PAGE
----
THIS POST WAS ORIGINALLY PUBLISHED JUNE 24, 2011
About two years ago I placed a number of posts in my Blog (under different name at that time) providing general overview of MENA mining. At this time I am returning to these posts with some new updates. The reason – I am scheduled to make a short presentation at the Mena Mining 2011 Congress that will take part in Dubai in October this year. This would be a part of Mining investment Opportunities Session and the title is “Investment attraction of MENA mining”. For the next couple of months I plan to publish some posts that would reflect latest developments in selected countries – that would actually serve as a basis for understanding my conference presentation. This is not an attempt to make a detailed analysis, rather an effort to pinpoint to certain considerations, providing links to useful documents.
Saudi Arabia (I)
Two things come to mind when you think about Saudi Arabia – Mahd Al Dhahab (the “Cradle of Gold”) with King Solomon’s mines; and enormous wealth that the country has due to its rich oil reserves. However, there much more behind this in the Kingdom itself, and in its history. I will not go into details about politics and economy – there is so much information on the Web about it – among this abundance I recommend to look at very good overview on the country that is presented in Washington Post Post International Spotlight. Saudi Arabia , with this page, specifically dedicated to mining. General discussion is also provided by 2010 Investment Climate Statement– Saudi Arabia – U.S. Department of State, Bureau of Economic, Energy and Business Affairs - March 2010.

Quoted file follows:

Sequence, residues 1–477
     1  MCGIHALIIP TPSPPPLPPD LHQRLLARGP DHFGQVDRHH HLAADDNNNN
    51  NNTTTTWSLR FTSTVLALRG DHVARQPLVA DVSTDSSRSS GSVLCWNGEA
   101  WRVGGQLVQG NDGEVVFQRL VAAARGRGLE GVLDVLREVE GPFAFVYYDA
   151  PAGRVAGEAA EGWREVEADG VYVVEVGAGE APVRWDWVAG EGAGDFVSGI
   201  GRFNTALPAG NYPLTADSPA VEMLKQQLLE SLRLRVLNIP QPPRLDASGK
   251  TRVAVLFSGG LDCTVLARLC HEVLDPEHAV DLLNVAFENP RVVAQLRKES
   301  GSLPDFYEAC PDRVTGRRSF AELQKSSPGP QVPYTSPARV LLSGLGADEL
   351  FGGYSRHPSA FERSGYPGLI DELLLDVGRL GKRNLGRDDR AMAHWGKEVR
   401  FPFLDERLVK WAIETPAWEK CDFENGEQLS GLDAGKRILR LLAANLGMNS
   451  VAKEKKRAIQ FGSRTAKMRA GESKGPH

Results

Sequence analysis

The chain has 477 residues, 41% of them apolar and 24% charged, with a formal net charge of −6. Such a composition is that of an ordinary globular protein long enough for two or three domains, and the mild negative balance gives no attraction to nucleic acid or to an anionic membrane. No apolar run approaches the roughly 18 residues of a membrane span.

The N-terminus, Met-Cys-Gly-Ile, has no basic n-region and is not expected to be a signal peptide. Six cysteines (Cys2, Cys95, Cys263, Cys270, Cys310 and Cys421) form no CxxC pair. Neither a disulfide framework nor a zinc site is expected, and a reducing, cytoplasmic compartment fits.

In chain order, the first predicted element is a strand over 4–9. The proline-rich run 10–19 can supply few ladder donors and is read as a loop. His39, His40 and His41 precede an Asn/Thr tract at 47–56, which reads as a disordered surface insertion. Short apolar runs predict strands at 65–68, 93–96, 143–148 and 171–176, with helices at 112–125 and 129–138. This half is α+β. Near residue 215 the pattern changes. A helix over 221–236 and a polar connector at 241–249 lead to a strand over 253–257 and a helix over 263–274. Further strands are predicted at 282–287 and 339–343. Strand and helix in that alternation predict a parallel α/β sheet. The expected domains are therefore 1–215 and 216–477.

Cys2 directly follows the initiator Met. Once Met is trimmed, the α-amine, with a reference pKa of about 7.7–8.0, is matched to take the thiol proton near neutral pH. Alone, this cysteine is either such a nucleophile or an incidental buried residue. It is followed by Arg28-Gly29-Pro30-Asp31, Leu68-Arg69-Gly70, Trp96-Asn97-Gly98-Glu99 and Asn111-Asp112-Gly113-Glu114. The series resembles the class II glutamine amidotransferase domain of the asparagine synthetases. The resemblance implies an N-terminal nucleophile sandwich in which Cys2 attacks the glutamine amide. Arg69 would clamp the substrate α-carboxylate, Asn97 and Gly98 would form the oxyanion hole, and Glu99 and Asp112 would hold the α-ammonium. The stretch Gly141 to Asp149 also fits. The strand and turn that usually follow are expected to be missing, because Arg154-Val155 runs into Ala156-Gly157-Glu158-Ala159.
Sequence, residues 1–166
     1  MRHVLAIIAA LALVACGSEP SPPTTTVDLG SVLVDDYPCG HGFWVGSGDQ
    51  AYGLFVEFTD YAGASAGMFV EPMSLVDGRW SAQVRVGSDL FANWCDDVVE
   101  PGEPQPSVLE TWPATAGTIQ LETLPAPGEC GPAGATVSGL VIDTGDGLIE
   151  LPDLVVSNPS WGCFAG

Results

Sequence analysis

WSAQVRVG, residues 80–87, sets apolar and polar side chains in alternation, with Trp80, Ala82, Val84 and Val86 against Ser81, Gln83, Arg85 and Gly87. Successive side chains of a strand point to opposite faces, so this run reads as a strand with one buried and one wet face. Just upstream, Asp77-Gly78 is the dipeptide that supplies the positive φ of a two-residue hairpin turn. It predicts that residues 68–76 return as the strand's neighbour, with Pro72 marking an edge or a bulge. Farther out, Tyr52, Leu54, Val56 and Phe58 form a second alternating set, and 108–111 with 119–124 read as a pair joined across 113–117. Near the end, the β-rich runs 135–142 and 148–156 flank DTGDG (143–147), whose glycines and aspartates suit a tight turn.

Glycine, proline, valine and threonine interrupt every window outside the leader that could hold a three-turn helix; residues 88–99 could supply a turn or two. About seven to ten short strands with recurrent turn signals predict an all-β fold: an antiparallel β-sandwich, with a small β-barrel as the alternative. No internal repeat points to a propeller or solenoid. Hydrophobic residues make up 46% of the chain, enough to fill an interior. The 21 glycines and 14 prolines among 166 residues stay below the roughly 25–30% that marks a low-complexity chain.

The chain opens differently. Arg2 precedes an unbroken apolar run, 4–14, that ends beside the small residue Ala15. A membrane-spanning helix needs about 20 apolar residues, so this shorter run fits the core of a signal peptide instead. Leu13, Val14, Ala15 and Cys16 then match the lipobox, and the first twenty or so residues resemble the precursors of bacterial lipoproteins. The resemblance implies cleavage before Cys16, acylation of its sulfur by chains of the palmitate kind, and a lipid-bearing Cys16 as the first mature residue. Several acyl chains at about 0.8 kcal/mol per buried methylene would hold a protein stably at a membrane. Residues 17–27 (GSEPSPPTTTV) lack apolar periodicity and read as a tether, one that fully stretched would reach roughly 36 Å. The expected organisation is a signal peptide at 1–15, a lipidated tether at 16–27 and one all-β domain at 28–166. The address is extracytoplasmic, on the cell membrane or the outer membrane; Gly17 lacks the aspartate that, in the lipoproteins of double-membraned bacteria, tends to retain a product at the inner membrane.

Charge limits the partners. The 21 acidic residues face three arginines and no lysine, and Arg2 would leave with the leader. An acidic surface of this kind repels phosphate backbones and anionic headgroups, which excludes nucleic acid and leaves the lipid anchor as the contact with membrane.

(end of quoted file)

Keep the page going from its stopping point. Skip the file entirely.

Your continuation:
Of course, hydrocarbons make a significant input to the Kingdom’s economy, but its vast territory also hosts substantial resources of other minerals: bauxite, copper, gold, iron, lead, silver, tin and a number of non-metallic minerals. Excellent overview - Mineral Resource Potential and Its Development in Saudi Arabia by MAHMOUD ALI DARWISH and NAZIR AHMAD BUTT – provides detailed description of the subject with geologic data and maps. This is also summarized by this visual graph:
Source: Mining in the Arab World - Ma’aden and the Kingdom of Saudi Arabia by Dr. Hany Dabbagh Vice President SBU Precious Metals and Exploration of Ma’aden
Another interesting mining resource is described in this (1981) post of the Saudi Aramco World – developing extraction of minerals from Red Sea - zinc, copper, silver, lead, cadmium, cobalt:
“According to geologists, the entire Arabian Peninsula is slowly rotating counterclockwise, and - over geological lengths of time - gradually closing the Strait of Hormuz, narrowing the Arabian Gulf and widening the Red Sea. As a result of this tectonic movement, deep rifts have opened at the bottom of the Red Sea through which mineral components from within the earth are being spewed into the seawater by volcanic processes.”
This mining initiative, in cooperation with Sudan, is slowly going on for some years; in 2010 some progress was announced.